ever issued Or to victory!”

from the cells of philosophic thought, 'Tis our way to pass from gay to

“ So the foundations of his mind were grave matter, and often from a jocular to a serious view of the same subject

laid." it being natural to us—and having be. The boy had small need of books, come habitual from writing occasionally in Blackwood's Magazine. All the

“For many a tale world knows our admiration of Words- Traditionary, round the mountains hung, worth, and admits that we have done And many a legend, peopling the dark almost as much as Jeffrey to make

woods, his poetry popular among the “ edu- Nourished Imagination in her growth, cated circles. But we are not a na. And gave the mind that apprehensive

power tion of idolators, and worship neither graven image nor man that is born By which she is made quick to recognise

The moral properties and scope of things.” of a woman.

We may seem to have treated the Pedlar with insufficient But in the Manse there were booksrespect in that playful parallel be- and he read tween him and ourselves; but there “ Whate'er the minister's old shelf supyou are wrong again, for we desire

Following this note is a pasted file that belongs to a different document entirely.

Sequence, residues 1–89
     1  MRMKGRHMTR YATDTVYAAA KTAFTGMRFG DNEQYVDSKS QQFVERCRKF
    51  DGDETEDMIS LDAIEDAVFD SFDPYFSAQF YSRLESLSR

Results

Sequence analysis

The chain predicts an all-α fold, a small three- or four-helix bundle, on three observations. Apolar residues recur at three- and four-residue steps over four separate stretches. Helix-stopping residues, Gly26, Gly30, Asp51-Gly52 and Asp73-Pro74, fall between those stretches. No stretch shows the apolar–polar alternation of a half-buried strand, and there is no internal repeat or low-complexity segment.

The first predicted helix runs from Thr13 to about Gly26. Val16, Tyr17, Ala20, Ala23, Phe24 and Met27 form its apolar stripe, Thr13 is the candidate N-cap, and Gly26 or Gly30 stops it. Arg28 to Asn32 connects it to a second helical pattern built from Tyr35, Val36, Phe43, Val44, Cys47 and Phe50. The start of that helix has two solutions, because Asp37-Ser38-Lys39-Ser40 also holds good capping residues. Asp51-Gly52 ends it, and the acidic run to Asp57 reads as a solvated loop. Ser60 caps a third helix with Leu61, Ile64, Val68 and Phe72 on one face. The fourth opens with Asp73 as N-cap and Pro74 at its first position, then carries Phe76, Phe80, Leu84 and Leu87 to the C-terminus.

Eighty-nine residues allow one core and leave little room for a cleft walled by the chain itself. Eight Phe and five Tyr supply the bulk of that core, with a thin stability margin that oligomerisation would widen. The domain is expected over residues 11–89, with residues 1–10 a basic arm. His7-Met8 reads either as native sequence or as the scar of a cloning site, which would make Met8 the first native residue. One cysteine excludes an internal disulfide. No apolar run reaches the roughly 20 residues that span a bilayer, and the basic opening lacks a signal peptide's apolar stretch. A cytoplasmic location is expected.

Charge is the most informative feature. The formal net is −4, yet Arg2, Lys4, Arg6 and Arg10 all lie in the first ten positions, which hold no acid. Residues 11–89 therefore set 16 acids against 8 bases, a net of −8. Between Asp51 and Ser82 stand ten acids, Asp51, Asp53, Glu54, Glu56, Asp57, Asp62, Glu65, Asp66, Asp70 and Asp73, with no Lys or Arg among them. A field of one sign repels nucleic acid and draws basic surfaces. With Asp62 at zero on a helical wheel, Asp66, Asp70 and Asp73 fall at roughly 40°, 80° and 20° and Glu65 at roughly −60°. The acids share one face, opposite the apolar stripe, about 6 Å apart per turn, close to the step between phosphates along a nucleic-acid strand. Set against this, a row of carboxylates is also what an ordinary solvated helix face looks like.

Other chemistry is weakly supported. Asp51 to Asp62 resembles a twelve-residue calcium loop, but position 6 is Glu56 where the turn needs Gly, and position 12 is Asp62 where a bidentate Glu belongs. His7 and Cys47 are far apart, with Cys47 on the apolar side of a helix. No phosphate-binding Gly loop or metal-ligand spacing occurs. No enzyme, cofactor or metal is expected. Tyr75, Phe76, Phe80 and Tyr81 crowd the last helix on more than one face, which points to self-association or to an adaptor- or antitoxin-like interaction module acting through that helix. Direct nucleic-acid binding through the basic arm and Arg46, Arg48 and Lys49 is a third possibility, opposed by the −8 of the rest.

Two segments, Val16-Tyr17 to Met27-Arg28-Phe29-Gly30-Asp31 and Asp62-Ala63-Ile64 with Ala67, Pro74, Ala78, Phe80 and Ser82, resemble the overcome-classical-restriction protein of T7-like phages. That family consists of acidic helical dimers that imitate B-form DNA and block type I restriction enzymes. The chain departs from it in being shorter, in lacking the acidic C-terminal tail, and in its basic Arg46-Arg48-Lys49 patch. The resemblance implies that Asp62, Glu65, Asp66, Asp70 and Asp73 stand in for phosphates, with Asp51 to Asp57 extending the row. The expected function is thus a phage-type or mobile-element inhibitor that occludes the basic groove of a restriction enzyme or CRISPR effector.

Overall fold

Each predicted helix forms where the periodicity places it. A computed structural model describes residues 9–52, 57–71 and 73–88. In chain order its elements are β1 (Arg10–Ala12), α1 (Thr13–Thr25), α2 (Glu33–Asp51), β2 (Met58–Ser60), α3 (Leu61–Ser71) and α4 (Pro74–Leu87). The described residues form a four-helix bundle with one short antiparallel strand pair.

plied, thereby to do bim honour. We wish The life and death of martyrs, who susnow to say a few words on the wis- tained, dom of making such a personage the With will inflexible, those fearful pangs, chief character in the Excursion. Triumphantly displayed in records left

He is described as endowed by na. Of persecution and the Covenant.” ture with a great intellect, a noble

Can you not believe that by the imagination, a profound soul, and a

time he was as old as you were when tender heart. It will not be said that nature keeps these her noblest gifts you used to ride to the races on a for human beings born in this or that poney, by the side of your sire the condition of life : she gives them to squire, this boy was your equal in her favourites—for so, in the highest tutor all to yourself, and were then a

knowledge, though you had a private sense, they are to whom such gifts promising lad, as indeed you are now befall; and not unfrequently, in an obscure place, of one of the Fortu. after the lapse of a quarter of a cen.